- The Difference Between Spontaneous And Responsive Sexual Desire
“Another myth is that desire is a prerequisite for sex to happen and this is also totally false. A helpful way to understand desire is to know the difference between two major kinds of desire.”
Pamela Mendelsohn, LCSW, mytherapynyc.com, 7/30/2018
- SIECUS Announces Search For New President & CEO
“SIECUS affirms that sexuality is a fundamental part of being human, one that is worthy of dignity and respect. We advocate for the right of all people to accurate information, comprehensive education about sexuality, and sexual health services. SIECUS works to create a world that ensures social justice and sexual rights.”
Zach Eisenstein, siecus.org, 5/1/2018
- Living With Muscular Dystrophy: Sexual Education
“Sexual pleasure and intimacy are fundamental and innate human needs. Individuals with physical disabilities often find it difficult to meet these needs because of such factors as impaired mobility and lack of knowledge about sexual health. People with physical disabilities are often seen as asexual and not capable of having sex, and sexuality is often not considered a concern among this population. These misconceptions can result in individuals with physical disabilities not receiving basic sex education or advice and guidance when issues arise.”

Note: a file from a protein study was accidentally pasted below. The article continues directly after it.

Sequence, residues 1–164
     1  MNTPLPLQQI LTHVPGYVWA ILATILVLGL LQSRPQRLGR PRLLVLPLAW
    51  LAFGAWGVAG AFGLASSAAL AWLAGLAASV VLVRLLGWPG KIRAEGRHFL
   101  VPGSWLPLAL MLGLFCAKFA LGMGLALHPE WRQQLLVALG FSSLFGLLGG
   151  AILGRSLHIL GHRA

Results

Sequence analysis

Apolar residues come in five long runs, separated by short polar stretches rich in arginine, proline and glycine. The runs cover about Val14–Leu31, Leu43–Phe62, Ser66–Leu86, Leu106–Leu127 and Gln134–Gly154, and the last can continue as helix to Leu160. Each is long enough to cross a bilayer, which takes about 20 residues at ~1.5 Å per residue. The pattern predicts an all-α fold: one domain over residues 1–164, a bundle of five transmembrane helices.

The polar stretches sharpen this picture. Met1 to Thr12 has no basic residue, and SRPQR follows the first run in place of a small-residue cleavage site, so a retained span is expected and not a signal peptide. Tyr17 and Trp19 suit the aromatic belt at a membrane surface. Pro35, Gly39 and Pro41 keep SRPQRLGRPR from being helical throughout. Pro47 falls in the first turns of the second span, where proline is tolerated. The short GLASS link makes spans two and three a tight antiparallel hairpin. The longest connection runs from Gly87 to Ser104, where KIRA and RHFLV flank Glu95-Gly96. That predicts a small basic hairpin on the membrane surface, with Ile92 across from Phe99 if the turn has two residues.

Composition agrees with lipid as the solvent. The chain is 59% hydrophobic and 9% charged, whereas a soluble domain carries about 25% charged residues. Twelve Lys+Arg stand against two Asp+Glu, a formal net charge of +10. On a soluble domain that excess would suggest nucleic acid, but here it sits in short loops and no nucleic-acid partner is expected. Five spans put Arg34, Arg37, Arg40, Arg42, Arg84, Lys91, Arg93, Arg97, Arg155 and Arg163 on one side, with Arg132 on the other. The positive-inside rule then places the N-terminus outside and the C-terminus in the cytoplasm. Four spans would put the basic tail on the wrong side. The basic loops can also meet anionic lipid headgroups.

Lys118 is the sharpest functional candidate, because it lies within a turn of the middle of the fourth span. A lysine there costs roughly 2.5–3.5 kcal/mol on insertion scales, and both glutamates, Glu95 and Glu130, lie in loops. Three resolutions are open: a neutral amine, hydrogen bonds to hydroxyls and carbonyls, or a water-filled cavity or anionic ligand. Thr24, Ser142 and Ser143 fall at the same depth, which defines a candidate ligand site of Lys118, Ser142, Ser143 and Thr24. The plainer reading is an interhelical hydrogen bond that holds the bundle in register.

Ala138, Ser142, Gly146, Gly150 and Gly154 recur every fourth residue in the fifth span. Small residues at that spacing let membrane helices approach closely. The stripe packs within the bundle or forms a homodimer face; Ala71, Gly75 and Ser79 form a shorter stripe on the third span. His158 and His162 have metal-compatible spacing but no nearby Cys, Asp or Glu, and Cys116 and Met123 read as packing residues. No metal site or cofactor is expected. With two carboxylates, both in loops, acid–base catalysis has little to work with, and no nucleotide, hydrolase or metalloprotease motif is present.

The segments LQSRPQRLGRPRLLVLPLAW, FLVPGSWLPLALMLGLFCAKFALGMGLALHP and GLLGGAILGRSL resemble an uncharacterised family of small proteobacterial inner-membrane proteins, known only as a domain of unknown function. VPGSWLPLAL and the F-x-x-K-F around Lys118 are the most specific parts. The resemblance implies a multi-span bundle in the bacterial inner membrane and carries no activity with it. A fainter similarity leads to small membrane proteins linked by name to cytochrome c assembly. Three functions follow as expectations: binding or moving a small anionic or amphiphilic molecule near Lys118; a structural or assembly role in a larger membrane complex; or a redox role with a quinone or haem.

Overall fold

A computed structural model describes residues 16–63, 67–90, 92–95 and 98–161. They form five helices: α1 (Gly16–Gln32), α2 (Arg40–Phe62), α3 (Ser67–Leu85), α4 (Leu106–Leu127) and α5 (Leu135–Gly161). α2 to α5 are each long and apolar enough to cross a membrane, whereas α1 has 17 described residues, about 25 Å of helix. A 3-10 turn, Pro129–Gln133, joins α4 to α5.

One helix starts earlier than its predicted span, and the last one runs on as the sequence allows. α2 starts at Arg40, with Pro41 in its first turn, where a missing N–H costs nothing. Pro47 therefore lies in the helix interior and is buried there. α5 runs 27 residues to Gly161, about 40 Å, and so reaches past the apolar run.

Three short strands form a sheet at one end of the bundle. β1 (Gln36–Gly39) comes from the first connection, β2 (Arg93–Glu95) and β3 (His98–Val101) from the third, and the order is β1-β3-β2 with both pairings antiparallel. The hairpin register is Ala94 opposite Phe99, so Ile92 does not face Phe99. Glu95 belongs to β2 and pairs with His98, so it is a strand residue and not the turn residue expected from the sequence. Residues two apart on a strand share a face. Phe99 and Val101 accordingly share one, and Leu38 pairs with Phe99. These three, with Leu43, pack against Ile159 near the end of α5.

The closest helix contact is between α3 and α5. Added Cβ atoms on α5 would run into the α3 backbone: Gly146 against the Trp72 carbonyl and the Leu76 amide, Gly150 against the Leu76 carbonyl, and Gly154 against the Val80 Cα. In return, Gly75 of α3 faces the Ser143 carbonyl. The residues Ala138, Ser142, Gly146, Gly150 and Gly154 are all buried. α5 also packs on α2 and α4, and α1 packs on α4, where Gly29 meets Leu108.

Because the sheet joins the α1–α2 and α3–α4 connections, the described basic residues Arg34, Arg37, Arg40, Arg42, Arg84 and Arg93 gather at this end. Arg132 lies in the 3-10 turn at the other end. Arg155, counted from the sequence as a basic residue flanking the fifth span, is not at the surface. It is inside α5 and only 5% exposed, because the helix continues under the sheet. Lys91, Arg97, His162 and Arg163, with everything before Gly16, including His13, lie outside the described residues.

Leanne Beers, scholarworks.waldenu.edu, 2018
- It’s Time To End The Taboo Of Sex And Intimacy In Care Homes
“Imagine living in an aged care home. Now imagine your needs for touch and intimacy being overlooked. More than 500,000 individuals aged 65+ (double the population of Cardiff) live in care homes in Britain. Many could be missing out on needs and rights concerning intimacy and sexual activity because they appear to be ‘designed out’ of policy and practice. The situation can be doubly complicated for lesbian, gay, bisexual or trans individuals who can feel obliged to go ‘back into the closet’ and hide their identity when they enter care.
Little is known about intimacy and sexuality in this sub-sector of care. Residents are often assumed to be prudish and ‘past it’. Yet neglecting such needs can affect self-esteem and mental health. …
The most common story among study participants reflected the idea that older residents have moved past a life that features or is deserving of sex and intimacy. One male resident, aged 79, declared: ‘Nobody talks about it’. However, an 80-year-old female resident considered that some women residents might wish to continue sexual activity with the right person.”
Paul Simpson, medicalxpress.com, 4/27/2017
- How To Communicate Your Sexual Needs And Desires To Your Partner